From St Kilda to Stuttgart – final part
AFTER an energising and enjoyable voyage to Cushendall in Northern Ireland, with Murdo MacLeod and family, we arrived back at the Achnaba pontoon on Thursday evening, having departed from there 12 hours previously.
Whether somebody is a school teacher, a chef, a circus juggler or, like the MacLeods, running a multi-million-pound construction company, if you love what you do, and concentrate your energy on it, you will excel at it.
Finding that occupation and having the drive to get rid of the clutter and keep focused, is not easy, but people like the MacLeods, who run one of the most successful companies in Argyll, show it can be done.
So I headed off down to Glasgow with increased vigour, and a strong reminder to keep working on what brings satisfaction and fulfilment.
The gig we performed at in Yorkshire the next night was just one of these satisfying experiences – great audience, lovely organisers and the novelty of our songs being belted out in the accent of Compo from Last of the Summer Wine.
The next night it was the accents of south-west Germany that were giving Western Ocean a good blast, but what a carry on to get there.
Having departed from our hotel at 3am with plenty time to spare, a long diversion because of road-works meant we arrived at Humberside Airport at 5.15am for a 6am departure, so we were all running to the check-in desks like Usain Bolt.
We then discovered that Royal Dutch Airlines (KLM) had made a brochan of our bookings and out of eight of us, only Andrew was actually booked on. Because of the imminent departure there wasn’t time to rebook and, according to the check-in staff, there were no other available flights that day so this was a total disaster.
By hook or by crook we had to make the gig so some of us began looking at alternative airports, different routes and different modes of transport, while Andrew went to KLM customer-services to kick up a stink.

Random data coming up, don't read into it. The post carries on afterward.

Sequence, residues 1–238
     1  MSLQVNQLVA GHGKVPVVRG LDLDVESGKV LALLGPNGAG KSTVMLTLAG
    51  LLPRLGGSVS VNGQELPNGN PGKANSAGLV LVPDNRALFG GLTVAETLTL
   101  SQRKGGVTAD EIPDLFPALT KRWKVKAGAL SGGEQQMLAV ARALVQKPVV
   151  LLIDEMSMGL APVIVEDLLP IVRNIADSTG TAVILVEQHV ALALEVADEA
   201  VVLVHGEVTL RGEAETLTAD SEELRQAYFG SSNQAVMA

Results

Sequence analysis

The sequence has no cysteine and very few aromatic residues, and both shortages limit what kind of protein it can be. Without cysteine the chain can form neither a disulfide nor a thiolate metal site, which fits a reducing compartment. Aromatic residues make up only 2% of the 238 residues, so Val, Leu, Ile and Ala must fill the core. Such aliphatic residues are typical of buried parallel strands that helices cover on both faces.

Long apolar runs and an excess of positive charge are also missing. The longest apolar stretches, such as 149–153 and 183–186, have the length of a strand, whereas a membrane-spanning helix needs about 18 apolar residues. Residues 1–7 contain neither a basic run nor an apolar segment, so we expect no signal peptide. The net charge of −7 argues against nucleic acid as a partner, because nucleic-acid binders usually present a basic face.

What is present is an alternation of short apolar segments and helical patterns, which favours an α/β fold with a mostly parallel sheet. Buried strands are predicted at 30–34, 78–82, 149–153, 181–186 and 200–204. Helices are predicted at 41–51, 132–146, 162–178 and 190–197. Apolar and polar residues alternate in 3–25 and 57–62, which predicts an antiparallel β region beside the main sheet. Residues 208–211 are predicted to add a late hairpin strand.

Eventually because of a very amazing and determined customer services lady, after three hours on the phone to different KLM departments and juggling flights about, she managed, just in the nick of time to get us all onto a later flight. What relief! But it was the flight from hell. Directly in front of us were two overly-refreshed women heading for a weekend in Amsterdam, and a few seats up from there, a group of similarly drunken body-builder types on a stag weekend.
We were all in dire need of sleep, or at least a bit of peace and quiet, but the girl who was directly in front of us proceeded to sing loudly and astoundingly badly. Egged on by the rabble of increasingly rowdy stag-trippers, as the flight progressed, the lassie got louder and alarmingly even less in tune.
With a few celebratory trips under my belt this year, I shouldn’t be too hard on the overly jolly passengers but it was with great thanks we finally escaped her singing when we arrived in Stuttgart.
The Germans went surprisingly wild for the music and the trip home was hassle-free for all of us except poor Andrew, who, because of knockon effects from the previous day’s debacle, had been booked on the wrong flight home. KLM are off his Christmas card list.
Variety is the spice of life and those six days delivered great contrasts of travel, occupation, people and place.